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York University's Zionist Star Chamber fails to intimidate student, professor
"The stories of Freeman-Maloy and Noble are related and illustrate a disturbing fact common to tyrannies—the setting up of tribunals to prosecute political dissenters. In these Star Chambers, the outcome is a foregone conclusion because the accused cannot avail himself of the rights he would otherwise have in a court of law."
When last I wrote about Daniel Freeman-Maloy on July 8, he had just been banned from the York University campus for three years for using a megaphone. You read that right.
At the time, I mentioned that the university had to reverse this absurd and indefensible edict or else replace the “o” of York with the Star of David to be up-front about the institution’s subservience to Israeli interests.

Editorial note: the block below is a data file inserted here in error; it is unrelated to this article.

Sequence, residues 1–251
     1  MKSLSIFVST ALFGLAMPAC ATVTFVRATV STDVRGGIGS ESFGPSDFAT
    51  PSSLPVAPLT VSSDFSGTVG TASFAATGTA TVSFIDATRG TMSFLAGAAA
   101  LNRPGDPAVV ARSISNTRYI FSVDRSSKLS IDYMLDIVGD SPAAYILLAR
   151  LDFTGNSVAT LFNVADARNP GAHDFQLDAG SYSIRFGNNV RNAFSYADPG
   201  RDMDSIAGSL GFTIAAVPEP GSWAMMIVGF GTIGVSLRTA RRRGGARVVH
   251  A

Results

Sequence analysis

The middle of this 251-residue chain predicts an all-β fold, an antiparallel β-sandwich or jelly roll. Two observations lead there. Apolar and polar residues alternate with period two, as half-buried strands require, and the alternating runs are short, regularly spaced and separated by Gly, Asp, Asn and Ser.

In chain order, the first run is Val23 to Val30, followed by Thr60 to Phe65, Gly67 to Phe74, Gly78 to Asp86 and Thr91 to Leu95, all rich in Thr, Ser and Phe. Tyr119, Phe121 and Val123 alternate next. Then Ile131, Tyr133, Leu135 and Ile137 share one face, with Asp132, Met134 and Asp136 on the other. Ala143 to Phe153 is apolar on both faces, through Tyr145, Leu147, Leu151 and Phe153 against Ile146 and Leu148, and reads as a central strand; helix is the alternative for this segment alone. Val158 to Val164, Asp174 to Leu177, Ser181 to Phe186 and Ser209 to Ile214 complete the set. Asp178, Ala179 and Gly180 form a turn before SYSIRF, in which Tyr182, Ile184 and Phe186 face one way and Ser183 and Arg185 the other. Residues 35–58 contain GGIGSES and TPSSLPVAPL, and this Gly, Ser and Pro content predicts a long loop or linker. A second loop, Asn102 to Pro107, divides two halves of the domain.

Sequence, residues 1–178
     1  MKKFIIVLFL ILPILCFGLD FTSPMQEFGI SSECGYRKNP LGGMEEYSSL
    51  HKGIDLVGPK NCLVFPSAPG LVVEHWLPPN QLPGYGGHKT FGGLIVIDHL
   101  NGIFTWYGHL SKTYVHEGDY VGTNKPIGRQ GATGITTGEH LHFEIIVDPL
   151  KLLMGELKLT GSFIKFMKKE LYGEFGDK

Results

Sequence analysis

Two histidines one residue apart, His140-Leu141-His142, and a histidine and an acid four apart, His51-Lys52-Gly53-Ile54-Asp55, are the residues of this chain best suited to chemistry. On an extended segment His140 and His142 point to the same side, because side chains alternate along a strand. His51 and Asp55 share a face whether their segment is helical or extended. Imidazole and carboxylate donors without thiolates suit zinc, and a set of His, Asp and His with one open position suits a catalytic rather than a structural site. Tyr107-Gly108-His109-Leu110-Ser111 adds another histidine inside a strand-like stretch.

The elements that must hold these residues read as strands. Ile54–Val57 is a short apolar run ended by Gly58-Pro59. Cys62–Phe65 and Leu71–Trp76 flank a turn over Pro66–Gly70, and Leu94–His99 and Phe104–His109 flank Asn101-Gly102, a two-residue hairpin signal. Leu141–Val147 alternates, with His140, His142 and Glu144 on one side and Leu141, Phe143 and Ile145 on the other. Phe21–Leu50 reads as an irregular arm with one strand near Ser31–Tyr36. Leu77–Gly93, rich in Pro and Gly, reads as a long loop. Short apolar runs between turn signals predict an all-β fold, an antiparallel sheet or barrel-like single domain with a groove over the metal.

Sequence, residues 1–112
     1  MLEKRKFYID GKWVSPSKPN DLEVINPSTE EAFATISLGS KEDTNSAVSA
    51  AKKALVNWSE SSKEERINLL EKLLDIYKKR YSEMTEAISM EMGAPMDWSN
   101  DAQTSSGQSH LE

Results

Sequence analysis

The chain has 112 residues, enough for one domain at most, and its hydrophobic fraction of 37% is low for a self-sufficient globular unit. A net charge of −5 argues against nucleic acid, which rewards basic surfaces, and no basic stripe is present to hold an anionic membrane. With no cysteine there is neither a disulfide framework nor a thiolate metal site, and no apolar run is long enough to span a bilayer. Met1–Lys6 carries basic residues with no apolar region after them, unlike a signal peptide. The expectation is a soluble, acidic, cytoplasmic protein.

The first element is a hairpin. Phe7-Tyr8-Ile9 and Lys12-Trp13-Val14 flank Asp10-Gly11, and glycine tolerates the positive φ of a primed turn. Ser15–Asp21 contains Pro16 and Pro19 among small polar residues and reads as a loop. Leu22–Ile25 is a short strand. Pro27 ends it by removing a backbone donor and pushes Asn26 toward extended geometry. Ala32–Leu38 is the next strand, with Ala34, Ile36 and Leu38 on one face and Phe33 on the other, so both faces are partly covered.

Well, Freeman-Maloy returned to class in September, but my demand for the vowel replacement still stands. The university withdrew the punishment, not out of a sense of honesty or justice, but because it failed to manoeuvre Freeman-Maloy into a rigged Star Chamber-like “discipline tribunal.” Now, York is facing a $850,000 lawsuit for abuse of power, defamation and breach of academic freedom.
Another reason concerns the conduct of the university and the Canadian Zionist… er, Jewish Congress toward history professor David Noble. After a film screening sponsored by Solidarity for Palestinian Human Rights in late November, Noble handed out copies of The Tail that Wags the Dog (Suggestions for Further Research), a memorandum he wrote exposing the pro-Israel connections of individual directors of the York University Foundation, the university’s fundraising arm.
CJC attack poodle Bernie Farber wailed “anti-Semitism” (big surprise!) and York accused Noble of disseminating “hate literature.” Noble, who is Jewish, has begun a libel action against the CJC and the university.